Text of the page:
Electronic and Magnetic Structures of Some Selected Strongly Correlated Systems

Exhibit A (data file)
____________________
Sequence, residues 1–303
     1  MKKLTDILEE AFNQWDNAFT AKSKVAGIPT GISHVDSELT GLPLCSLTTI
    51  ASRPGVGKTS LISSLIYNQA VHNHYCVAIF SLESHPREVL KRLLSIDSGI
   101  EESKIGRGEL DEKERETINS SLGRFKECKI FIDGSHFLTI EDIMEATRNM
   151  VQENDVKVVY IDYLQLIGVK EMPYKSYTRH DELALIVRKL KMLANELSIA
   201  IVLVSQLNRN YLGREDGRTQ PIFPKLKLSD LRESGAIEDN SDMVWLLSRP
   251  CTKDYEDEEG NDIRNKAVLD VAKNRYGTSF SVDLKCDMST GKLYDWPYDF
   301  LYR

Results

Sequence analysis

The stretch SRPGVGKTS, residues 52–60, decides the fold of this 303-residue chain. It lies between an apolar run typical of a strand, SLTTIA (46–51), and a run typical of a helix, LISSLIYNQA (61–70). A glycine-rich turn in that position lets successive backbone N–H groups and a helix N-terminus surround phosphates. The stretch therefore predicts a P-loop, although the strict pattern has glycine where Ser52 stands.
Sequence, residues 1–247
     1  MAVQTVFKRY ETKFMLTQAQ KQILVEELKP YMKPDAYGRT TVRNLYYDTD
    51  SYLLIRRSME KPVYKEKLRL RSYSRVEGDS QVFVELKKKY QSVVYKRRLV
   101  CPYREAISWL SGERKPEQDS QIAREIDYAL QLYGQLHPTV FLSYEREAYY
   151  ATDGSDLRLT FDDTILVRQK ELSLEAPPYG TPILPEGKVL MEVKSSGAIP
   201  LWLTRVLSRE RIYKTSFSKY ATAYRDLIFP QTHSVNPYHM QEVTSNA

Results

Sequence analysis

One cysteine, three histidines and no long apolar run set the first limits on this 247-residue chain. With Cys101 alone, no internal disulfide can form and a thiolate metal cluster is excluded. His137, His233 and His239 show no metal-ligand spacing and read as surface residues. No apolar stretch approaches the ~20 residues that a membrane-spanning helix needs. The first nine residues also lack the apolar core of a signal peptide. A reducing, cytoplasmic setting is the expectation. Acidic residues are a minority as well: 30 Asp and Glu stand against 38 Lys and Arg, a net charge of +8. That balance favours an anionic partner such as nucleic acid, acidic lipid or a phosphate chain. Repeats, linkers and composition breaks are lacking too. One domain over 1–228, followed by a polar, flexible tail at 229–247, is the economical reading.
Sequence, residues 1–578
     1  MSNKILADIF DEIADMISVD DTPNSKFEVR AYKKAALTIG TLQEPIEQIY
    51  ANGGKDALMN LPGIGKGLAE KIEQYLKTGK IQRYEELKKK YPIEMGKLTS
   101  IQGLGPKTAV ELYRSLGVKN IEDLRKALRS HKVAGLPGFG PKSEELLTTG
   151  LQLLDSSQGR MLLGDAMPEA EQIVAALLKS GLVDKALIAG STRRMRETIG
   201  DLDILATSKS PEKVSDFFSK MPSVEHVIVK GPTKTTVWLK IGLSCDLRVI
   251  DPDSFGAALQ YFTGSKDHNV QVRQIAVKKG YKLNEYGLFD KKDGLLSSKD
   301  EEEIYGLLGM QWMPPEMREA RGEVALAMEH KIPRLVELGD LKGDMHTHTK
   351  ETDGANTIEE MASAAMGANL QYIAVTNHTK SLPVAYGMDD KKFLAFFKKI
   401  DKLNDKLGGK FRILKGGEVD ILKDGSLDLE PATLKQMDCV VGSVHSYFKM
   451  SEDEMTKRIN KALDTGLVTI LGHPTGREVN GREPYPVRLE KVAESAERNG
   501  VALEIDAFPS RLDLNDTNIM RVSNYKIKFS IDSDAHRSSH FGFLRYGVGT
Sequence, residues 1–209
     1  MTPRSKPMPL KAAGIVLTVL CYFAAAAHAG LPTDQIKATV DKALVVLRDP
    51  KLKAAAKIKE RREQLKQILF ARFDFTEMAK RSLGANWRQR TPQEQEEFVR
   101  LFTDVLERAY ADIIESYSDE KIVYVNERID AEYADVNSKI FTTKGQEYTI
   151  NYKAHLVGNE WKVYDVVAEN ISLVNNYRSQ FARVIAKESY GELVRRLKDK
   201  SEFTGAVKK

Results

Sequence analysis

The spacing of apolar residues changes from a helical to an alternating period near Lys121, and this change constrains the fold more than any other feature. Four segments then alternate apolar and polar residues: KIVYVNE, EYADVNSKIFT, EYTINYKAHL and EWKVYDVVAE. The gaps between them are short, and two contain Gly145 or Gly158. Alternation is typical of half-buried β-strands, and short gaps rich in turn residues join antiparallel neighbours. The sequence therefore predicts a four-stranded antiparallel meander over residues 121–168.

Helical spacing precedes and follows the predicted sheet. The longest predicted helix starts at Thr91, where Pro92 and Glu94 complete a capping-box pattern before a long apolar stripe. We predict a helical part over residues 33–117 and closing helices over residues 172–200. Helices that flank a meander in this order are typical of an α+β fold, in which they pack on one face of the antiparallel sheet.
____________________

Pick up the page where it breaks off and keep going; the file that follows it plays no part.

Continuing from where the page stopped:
Transition metal oxides and chalcogenides are an ideal platform for demonstrating and investigating many interesting electronic phases of matter. These phases emerge as a result of collective many body interactions among the electrons. The omnipresent electron, depending on its interaction with other electrons and with the underlying lattice, can generate diverse phases of matter with exotic physical properties. The ultimate objective of Materials Science is to provide a complete microscopic understanding of these myriad electronic phases of matter. A proper understanding of the collective quant-tum behaviour of electrons in different system can also help in designing and tuning new electronic phases of matter that may have strong impact in the field of microelectronics, well beyond that predicted by Moore s law. Strong electron correlation effects produce a wide spectrum of ground state prop-retires like superconductivity, Metal Insulator Transition (MIT), charge-orbital ordering and many more. Similarly, different spin interactions among electrons, essentially due to various kinds of exchange coupling, give rise to varying magnetic ground state prop-retires like ferromagnetism, anti-ferromagnetism, spin glass, among others. The main objective of this thesis is to understand and rationalize diverse electronic and magnetic phases of matter in some selected strongly correlated systems. In chapter 1 we have provided an overview of various electronic and magnetic phases of matter which are relevant and necessary for understanding the chapters that follow. The first part of this chapter describes the fundamental concepts of the so called Metal Insulator Transition (MIT). A small section is dedicated to the subtle interactions among electrons and lattice that actually drive a system from a highly conducting metallic state to a strongly resistive insulating state. The second part of this chapter offers a compilation of different magnetic ground states which are discussed in detail in the last two chapters. In Chapter 2, we have explained various methodologies and experimental tech-antiques that have been used in the work reported in this thesis. In Chapter 3, we have provided a detailed understanding of the MIT in different polymorphic forms of Vanadium dioxide (VO2). Although VO2 exhibits a number of polymorphic forms, only the rutile/monoclinic VO2 phase has been studied extensively compared to other polymorphic forms. This phase shows a well-established MIT across ∼340 K, which has been extensively investigated in order to understand the relative importance of many body electron correlation effects arising primarily from on-site Coulomb interactions within the Vanadium 3d manifold, and single electron effects flounced by the dimerization of Vanadium atoms. Unlike the rutile phase of VO2, little is known about the MIT appearing across 212 K in the metastable B-phase of VO2. This phase shows dimerization of only half of the Vanadium atoms in the insulating state, in contrast to rutile/monoclinic VO2, which show complete dimerization. There is a long standing debate about the origin of the MIT in the rutile/monoclinic phase, that contrasts the role of the many-body Hubbard U term, with single particle effects of the dimerization. In light of this debate, the MIT in the B-phase offers a unique opportunity to understand and address the competition between many body and single particle effects, that has been unresolved over several decades. In this chapter we have investigated different polymorphs of VO2 to understand the underlying electronic structure and the nature of the MIT in these polymorphic forms. The MIT in VO2 B phase is very broad in nature. X-ray photoemission and optical conductivity data indicate that in case of VO2 B phase both correlation effects and dimerization is necessary to drive the MIT. We have also established that the correlation effects are more prominent for VO2 B phase compared to rutile/monoclinic phase. In Chapter 4, we have discussed the electronic structure of LaTiO3 (LTO)-SrTiO3 (STO) system. At the interface between polar LTO and non-polar (STO) oxides, an unique two dimensional electron gas (2DEG) like state appears, that exhibits a phenomenal range of unexpected transport, magnetic, and electronic properties. Thus, this interface stands as a prospective candidate for not only fundamental scientific investigation, but also application in technological and ultimately commercial frontiers. In this chapter, using variable energy Hard X-ray photoemission spectroscopy (HAXPES), we have experimentally investigated the layer resolved evolution of electronic structure across the interface in LTO-STO system. HAXPES results suggest that the interface is more coherent in nature and the coherent to incoherent feature ratio changes significantly as we probe deeper into the layer In chapter 5, we have investigated the electronic structure of the chemically exfoliated trigonal phase of MoS2. This elusive trigonal phase exists only as small patches on chemically exfoliated MoS2, and is believed to control functioning of MoS2 based devices. Its electronic structure is little understood, with total absence of any spec-troscopic data, and contradictory claims from theoretical investigations. We have ad-dressed this issue experimentally by studying the electronic structure of few layered chemically exfoliated MoS2 systems using spatially resolved X-ray photoemission spec-otoscopy and micro Raman spectroscopy in conjunction with electronic structure calculations. We have established that the ground state of this unique trigonal phase is actually a small gap (∼90 meV) semiconductor. This is in contrast with most of the claims in existing literature. In chapter 6, we have re-examined and revaluated the electronic structure of the late 3d transition metal monoxides (NiO, FeO, and CoO) using a combination of HAX-PES and state-of-the-art theoretical calculations. We have observed a strong evolution in the valence band spectra as a function of excitation energy. Theoretical results show that a combined GW+LDA+DMFT scheme is essential for explaining the observed experimental findings. Additionally, variable temperature HAXPES measurement In chapter 8, we have differentiated the surface and the bulk electronic structure in Sr2FeMoO6 and also have provided a new route to increase the Curie temperature of this material. Sr2FeMoO6 is well known for its high Curie temperature (Tc ∼410 K), half-metallic ferromagnetism, and a spectacularly large tunnelling magnetoresistance. The surface electronic structure of Sr2FeMoO6 is believed to be different from the bulk; leading to a Spin-Valve type Magnetoresistance. We have carried out variable energy HAXPES on Sr2FeMoO6 to probe electronic structure as a function of surface depth. Our experimental results indicate that surface is more Mo6+ rich. We have also demonstrated what we believe is the first direct experimental evidence of hard ferro-magnetism in the surface layer using X Ray Magnetic Circular Dichroism (XMCD) with dual detection mode. In the second part of this chapter we have designed a new route to increase the Curie temperature and have been successfully able to achieve a Curie temperature as high as 515 K.